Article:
In the poem the narrator, whom we identify with Herbert, rebels against the constraints of his life as a priest, saying his harvest in life is a "thorn" and he would prefer to escape to a foreign land where he could enjoy the world's pleasures. The imagery of imprisonment, such as "ropes" and a "cage"—as well as the collar as not only the clerical collar, but the collar that would chain a dog or a prisoner—contrasts with images of bounty and sensual pleasure, such as corn, wine, and cordial fruit. In contrast to his "thorn," the narrator wishes for flowers and garlands, such as would decorate a celebrated hero.
Herbert became a priest towards the end of his short life. He was a wealthy man, related to the Earl of Pembroke, so he didn't need the income of his priesthood and had been used to the high life at the center of power. The work of a priest must have seemed humble and hard in contrast, as well as low in material rewards. In this poem, Herbert plays on the "carpe diem" theme, which means "seize the day" or enjoy life and love now, as death can come at any time. Herbert, however, turns this theme on its head, finishing his "fierce and wild" raving as he responds to God's call:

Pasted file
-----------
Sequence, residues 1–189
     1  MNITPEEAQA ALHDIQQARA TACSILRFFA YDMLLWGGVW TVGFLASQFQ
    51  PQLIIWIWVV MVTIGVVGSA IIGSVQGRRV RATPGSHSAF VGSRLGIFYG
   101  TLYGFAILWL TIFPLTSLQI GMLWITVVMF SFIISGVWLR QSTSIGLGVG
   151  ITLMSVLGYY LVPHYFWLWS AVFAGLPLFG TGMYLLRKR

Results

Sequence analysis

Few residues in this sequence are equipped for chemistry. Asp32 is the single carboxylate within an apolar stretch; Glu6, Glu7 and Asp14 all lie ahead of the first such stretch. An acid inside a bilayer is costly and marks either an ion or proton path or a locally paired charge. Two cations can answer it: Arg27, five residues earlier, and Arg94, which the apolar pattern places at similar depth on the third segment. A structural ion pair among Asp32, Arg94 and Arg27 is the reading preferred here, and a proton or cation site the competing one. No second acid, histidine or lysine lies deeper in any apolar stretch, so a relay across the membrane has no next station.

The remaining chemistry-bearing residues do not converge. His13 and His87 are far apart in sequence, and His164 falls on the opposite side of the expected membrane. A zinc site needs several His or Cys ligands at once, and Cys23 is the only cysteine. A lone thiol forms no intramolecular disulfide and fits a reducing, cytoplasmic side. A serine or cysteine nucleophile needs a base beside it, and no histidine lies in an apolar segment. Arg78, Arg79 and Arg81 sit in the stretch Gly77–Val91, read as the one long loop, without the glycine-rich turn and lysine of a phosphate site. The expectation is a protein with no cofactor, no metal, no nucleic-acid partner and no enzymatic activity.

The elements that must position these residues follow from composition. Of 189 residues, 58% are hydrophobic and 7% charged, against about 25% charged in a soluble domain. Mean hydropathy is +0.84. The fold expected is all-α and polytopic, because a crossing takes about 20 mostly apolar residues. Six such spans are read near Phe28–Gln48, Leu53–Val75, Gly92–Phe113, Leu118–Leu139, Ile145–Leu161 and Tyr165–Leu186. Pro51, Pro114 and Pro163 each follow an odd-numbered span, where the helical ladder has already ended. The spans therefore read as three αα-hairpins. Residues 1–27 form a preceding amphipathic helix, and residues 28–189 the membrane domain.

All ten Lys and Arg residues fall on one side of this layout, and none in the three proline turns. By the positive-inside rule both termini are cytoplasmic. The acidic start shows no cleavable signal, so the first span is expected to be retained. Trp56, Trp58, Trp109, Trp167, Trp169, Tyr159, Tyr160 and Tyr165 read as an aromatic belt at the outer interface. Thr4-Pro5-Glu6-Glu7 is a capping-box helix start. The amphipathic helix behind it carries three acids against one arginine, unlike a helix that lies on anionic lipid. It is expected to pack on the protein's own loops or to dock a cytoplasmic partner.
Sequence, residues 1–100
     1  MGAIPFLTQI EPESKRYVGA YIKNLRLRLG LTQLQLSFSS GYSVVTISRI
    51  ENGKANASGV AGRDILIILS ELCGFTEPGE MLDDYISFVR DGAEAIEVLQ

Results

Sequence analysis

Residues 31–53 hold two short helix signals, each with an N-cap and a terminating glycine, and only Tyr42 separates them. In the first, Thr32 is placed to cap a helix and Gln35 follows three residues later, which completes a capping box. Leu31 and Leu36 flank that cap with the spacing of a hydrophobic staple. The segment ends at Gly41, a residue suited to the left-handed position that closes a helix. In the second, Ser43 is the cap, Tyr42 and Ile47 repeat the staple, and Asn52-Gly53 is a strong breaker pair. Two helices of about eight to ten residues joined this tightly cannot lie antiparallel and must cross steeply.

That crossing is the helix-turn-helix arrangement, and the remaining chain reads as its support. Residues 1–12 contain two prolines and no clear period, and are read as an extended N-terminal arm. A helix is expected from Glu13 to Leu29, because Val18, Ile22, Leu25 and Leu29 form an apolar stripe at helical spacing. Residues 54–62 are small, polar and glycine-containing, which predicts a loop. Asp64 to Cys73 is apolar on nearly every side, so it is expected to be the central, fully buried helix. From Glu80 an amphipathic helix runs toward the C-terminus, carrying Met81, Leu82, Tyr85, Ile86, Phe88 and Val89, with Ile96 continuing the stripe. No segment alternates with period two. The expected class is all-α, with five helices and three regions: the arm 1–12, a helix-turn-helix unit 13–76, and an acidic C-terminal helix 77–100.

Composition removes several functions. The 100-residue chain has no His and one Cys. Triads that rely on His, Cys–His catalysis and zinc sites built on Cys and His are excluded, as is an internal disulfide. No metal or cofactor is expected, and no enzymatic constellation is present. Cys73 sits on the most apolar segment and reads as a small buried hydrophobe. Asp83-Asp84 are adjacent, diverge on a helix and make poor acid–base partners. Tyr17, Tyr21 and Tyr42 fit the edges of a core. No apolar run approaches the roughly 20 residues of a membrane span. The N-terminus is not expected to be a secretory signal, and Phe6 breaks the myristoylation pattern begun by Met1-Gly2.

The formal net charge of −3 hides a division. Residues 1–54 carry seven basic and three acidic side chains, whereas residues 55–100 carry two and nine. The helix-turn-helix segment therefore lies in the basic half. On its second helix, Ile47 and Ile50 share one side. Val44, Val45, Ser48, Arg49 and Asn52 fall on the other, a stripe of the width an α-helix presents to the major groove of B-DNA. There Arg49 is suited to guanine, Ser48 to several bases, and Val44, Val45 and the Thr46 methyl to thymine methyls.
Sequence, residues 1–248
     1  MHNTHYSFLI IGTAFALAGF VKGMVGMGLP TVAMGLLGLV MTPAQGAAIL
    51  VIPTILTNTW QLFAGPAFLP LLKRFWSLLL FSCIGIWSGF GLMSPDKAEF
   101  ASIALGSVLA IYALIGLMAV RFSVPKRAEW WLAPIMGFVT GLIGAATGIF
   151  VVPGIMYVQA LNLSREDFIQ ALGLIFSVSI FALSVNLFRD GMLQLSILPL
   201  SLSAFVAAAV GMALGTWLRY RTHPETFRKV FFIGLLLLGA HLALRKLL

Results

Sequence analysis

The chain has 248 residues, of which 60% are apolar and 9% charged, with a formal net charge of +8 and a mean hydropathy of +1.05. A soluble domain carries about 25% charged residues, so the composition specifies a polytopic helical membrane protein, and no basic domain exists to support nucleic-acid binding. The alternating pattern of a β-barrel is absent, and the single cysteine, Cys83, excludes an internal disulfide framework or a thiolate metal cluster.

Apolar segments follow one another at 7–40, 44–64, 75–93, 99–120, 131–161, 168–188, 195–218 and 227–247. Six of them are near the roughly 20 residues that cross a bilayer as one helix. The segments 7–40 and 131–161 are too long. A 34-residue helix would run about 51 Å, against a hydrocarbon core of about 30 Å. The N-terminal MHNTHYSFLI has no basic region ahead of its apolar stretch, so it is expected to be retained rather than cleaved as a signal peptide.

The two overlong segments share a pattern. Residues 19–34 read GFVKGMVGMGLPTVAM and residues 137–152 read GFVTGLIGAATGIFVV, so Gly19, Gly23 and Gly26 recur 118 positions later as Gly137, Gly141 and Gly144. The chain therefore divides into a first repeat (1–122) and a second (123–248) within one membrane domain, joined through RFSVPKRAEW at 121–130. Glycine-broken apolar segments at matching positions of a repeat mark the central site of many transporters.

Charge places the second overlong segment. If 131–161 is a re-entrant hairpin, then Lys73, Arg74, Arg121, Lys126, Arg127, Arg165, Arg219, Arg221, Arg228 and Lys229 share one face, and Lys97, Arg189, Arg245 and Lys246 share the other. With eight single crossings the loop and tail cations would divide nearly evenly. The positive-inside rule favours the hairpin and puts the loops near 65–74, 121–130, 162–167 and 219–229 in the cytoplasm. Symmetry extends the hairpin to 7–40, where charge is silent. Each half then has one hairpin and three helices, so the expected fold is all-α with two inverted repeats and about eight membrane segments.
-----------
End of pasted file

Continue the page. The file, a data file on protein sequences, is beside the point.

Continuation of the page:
"But as I raved and grew more fierce and wild At every word, Methought I heard one calling, Child! And I replied My Lord."
The final lines reduce the former rebellion to a childish status as the narrator reenters his dutiful relationship with God.
The Collar suggests that life is hard when a person must keep to a strict moral and holy code and therefore, in this poem, Herbert uses his rantings as part of a cathartic process, at the end of which he is able to recognize
a patient God who ultimately gives more than he asks.
Once he realizes that it is not necessary to be bound by the “rope of sands” and any moral restrictions, and there will be no more "sighs" and "tears" to frustrate him, he is determined to make the most of "double pleasures." The speaker even attempts to make his own saying, almost like a proverb
“He that forbears/ To suit and serve his need,/ Deserves his load.”
The rebelliousness and almost chaotic structure of the poem comes to a more subtle end. After the rantings of an angry man, restricted almost literally by a "collar" around his neck, the conclusion is hopeful and calm. For all the speaker's uncertainty, God is accepting and protective of all his children.
The "Child" who answers "Lord" is able to come to a realization that service is not a burden and devotion brings its own freedom.